The number of hand, foot and mouth disease (HFMD) cases in the country has increased at a worrying rate of 20-fold with 47,209 cases reported as of May 21 this year compared to only 2,237 cases in the corresponding period last year.
Health director-general Dr Noor Hisham Abdullah said 15,548 cases were recorded nationwide in the 20th epidemiology week ending May 21, an increase of 106.6% from the 7,526 cases recorded in the previous week.
“The majority of the disease outbreaks occurred in nurseries, kindergartens and preschools with 711 outbreaks or 61% of the total cases, followed by private homes with 407 outbreaks or 35% and childcare centres with 42 outbreaks (3%),” he said in a statement today.
Selangor recorded the most number of HFMD cases (13,640 cases, 28.9%) followed by Kuala Lumpur and Putrajaya (6,206 cases, 13.1%), Perak (4,099 cases, 8.7%), Kelantan (3,726 cases, 7.9%) and Sabah (3,352 cases, 7.1%). Other states reported fewer than 2,500 cases.
Noor Hisham said a total of 1,168 outbreaks were reported in Malaysia so far with three states recording the highest number: Kuala Lumpur and Putrajaya at 413 (35.4%), followed by Selangor at 143 (12.2%) and Perak at 130 (11.1%).
He said most of the HFMD cases occurred among children below the age of six which was evident in 43,736 cases (93%), followed by those aged seven to 12 (2,765 cases or 6%) and those over the age of 12 (696 cases or 1%).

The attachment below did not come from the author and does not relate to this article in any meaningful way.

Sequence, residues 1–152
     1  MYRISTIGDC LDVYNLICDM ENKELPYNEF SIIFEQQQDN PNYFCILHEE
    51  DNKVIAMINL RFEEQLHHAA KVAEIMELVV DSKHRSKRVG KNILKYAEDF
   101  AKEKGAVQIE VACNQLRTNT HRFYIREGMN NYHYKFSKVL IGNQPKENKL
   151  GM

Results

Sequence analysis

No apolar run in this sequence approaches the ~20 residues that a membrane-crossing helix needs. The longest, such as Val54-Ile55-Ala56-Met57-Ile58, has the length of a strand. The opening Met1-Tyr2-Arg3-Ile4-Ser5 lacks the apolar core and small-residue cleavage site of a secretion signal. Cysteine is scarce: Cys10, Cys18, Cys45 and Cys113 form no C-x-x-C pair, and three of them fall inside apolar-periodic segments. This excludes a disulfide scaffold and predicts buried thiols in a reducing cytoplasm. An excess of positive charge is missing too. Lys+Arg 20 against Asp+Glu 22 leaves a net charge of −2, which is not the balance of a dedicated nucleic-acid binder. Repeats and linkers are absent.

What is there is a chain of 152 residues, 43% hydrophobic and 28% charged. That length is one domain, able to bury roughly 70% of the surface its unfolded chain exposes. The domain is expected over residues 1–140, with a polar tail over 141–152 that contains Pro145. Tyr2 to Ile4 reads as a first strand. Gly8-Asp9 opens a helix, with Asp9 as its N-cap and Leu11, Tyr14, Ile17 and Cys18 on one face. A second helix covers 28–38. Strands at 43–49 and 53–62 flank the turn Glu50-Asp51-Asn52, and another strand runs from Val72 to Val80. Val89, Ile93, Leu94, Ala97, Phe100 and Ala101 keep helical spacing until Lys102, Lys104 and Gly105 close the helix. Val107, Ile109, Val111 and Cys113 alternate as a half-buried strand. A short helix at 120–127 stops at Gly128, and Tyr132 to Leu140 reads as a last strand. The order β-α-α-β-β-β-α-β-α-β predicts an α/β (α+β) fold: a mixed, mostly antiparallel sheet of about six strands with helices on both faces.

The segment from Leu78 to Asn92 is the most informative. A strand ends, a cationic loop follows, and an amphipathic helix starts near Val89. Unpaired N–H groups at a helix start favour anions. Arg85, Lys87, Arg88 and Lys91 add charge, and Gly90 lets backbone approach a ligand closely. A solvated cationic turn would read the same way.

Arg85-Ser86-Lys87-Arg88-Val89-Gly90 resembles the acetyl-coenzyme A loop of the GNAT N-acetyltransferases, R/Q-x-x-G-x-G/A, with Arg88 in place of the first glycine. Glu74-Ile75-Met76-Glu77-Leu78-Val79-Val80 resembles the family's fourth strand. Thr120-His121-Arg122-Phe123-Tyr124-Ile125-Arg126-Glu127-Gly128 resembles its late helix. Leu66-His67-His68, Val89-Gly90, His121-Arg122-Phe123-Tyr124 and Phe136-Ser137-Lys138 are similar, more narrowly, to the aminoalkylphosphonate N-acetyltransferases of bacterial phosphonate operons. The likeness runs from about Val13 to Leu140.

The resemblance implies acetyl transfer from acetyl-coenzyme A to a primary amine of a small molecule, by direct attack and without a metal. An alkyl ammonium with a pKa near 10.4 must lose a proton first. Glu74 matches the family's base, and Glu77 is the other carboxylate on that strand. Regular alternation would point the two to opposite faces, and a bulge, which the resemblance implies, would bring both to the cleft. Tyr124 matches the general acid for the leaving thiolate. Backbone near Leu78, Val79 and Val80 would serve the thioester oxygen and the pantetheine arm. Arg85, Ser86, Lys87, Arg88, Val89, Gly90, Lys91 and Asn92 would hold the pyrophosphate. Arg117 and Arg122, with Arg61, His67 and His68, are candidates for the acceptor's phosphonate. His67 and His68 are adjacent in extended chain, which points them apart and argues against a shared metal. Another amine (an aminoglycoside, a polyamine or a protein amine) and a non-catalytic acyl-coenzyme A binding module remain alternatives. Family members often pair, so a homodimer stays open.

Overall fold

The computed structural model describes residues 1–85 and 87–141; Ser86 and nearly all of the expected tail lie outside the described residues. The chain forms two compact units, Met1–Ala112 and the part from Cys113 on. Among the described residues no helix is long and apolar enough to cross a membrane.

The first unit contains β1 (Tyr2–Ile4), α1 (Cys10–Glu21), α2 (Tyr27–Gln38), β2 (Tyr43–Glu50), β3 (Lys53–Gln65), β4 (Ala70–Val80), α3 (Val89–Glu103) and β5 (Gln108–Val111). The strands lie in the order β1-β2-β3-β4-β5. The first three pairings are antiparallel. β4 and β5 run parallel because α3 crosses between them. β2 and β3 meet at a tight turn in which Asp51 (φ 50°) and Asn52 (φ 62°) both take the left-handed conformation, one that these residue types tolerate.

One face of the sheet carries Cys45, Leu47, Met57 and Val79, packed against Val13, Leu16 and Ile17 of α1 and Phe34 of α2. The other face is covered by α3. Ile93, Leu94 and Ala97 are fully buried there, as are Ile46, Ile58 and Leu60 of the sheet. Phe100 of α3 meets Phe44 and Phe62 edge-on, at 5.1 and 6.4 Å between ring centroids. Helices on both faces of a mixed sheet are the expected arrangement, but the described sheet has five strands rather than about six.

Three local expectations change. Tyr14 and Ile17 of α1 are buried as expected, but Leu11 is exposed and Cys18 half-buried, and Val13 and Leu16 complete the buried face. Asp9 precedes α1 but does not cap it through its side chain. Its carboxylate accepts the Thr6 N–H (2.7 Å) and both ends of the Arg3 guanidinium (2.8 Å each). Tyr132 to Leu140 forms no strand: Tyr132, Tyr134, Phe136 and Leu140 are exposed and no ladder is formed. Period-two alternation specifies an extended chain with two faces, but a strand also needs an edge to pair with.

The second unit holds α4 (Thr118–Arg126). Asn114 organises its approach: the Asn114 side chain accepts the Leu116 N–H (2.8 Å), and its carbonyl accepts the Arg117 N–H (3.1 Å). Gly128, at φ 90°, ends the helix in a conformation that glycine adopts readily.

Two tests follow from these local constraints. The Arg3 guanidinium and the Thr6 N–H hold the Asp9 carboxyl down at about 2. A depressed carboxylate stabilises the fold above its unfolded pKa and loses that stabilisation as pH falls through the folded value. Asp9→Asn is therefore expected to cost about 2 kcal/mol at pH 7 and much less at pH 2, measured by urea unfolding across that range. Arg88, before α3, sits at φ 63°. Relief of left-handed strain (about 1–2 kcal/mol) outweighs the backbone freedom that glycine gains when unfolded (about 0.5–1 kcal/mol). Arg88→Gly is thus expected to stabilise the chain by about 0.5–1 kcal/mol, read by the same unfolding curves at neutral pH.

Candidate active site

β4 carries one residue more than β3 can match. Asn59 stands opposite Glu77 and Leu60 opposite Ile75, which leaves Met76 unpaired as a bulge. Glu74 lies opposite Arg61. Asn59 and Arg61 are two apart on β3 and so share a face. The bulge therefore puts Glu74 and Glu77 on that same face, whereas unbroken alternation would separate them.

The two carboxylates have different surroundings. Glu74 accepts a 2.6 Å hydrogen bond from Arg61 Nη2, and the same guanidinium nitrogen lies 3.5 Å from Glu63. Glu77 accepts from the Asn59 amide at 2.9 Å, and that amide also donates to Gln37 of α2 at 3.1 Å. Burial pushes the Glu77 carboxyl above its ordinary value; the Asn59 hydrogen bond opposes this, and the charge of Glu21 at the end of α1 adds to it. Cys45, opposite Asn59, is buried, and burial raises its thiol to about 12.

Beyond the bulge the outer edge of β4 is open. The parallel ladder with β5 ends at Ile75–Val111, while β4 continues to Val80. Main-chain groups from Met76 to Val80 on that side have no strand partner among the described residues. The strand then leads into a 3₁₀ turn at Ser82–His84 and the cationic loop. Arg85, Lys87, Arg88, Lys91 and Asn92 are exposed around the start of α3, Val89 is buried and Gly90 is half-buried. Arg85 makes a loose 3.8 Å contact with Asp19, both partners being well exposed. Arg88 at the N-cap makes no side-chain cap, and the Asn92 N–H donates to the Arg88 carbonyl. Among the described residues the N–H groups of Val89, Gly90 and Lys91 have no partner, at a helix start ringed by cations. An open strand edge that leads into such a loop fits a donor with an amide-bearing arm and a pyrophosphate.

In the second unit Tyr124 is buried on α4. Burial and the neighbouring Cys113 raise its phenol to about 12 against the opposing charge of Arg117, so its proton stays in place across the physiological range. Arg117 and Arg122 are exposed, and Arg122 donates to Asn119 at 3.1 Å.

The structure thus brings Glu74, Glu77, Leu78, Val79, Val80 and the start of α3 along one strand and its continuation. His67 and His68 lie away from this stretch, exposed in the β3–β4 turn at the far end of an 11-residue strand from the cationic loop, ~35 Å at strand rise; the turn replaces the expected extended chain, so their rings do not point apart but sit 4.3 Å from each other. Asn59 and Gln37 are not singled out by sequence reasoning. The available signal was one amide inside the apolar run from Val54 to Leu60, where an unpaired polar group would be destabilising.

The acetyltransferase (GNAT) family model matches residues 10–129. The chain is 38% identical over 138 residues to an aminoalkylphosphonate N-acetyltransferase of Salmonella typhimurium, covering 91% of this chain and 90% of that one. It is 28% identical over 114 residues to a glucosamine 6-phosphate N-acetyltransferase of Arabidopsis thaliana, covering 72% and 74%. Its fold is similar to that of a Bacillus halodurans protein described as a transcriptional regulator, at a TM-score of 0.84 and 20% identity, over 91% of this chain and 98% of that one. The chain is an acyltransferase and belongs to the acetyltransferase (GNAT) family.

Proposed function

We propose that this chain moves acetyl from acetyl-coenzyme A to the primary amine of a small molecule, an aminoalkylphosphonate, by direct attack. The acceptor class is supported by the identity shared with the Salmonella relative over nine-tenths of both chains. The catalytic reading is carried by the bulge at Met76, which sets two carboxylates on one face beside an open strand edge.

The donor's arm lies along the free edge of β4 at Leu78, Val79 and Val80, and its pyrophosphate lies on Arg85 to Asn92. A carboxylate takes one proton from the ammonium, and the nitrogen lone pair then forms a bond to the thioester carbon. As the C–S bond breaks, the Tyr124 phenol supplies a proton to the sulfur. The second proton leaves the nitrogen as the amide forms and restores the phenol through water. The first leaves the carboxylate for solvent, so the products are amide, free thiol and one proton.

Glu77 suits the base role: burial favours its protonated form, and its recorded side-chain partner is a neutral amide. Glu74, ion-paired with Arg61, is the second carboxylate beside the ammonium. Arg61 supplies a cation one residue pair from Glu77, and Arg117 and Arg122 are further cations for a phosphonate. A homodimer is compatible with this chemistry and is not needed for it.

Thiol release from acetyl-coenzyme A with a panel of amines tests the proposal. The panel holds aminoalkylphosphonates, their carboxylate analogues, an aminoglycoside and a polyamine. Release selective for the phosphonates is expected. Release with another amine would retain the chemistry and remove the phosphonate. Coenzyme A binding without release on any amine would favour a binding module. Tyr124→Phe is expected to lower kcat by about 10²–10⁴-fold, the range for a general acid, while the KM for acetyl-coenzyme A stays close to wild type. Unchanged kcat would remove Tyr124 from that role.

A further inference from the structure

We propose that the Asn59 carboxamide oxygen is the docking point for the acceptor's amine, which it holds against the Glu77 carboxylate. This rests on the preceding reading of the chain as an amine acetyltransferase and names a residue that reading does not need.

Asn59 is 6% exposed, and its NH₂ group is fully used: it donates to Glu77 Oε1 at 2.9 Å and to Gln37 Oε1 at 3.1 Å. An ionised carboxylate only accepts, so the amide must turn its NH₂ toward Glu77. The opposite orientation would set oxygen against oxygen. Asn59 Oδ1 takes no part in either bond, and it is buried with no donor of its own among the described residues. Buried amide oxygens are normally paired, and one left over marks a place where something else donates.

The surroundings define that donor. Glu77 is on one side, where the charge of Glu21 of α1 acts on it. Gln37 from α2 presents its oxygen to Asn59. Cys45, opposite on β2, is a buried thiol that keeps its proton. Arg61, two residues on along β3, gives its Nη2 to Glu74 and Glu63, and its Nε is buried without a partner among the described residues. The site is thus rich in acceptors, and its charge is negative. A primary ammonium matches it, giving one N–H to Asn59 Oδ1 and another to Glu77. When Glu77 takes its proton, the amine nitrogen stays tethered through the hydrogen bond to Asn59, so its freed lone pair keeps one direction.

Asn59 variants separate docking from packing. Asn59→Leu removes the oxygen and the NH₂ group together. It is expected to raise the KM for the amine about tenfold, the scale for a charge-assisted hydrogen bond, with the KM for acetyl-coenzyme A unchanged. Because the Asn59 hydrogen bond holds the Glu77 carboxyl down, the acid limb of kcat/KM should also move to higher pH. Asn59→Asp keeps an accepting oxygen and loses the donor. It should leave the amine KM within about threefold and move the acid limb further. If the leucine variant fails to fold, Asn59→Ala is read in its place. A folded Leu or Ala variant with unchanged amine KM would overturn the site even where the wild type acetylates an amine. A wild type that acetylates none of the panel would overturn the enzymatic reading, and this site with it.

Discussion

Noor Hisham said that state health departments and district health offices nationwide had conducted engagement sessions with the agencies that supervise the management of nurseries, kindergartens and preschools since the 17th epidemiological week following the increase in HFMD cases in most states.
He said the engagement sessions emphasised gatekeeping screenings; correct hand-washing practices; the disinfection of children’s toys, house floors and toilets; proper management of disposable diapers; and the use of separate eating and drinking utensils.
Noor Hisham also reminded the public, especially parents with small children, not to take their children to places where there is a risk of infection, such as public playgrounds.
The public is also advised to report HFMD cases occurring at their children’s nurseries, kindergartens and schools to the nearest district health office for control action.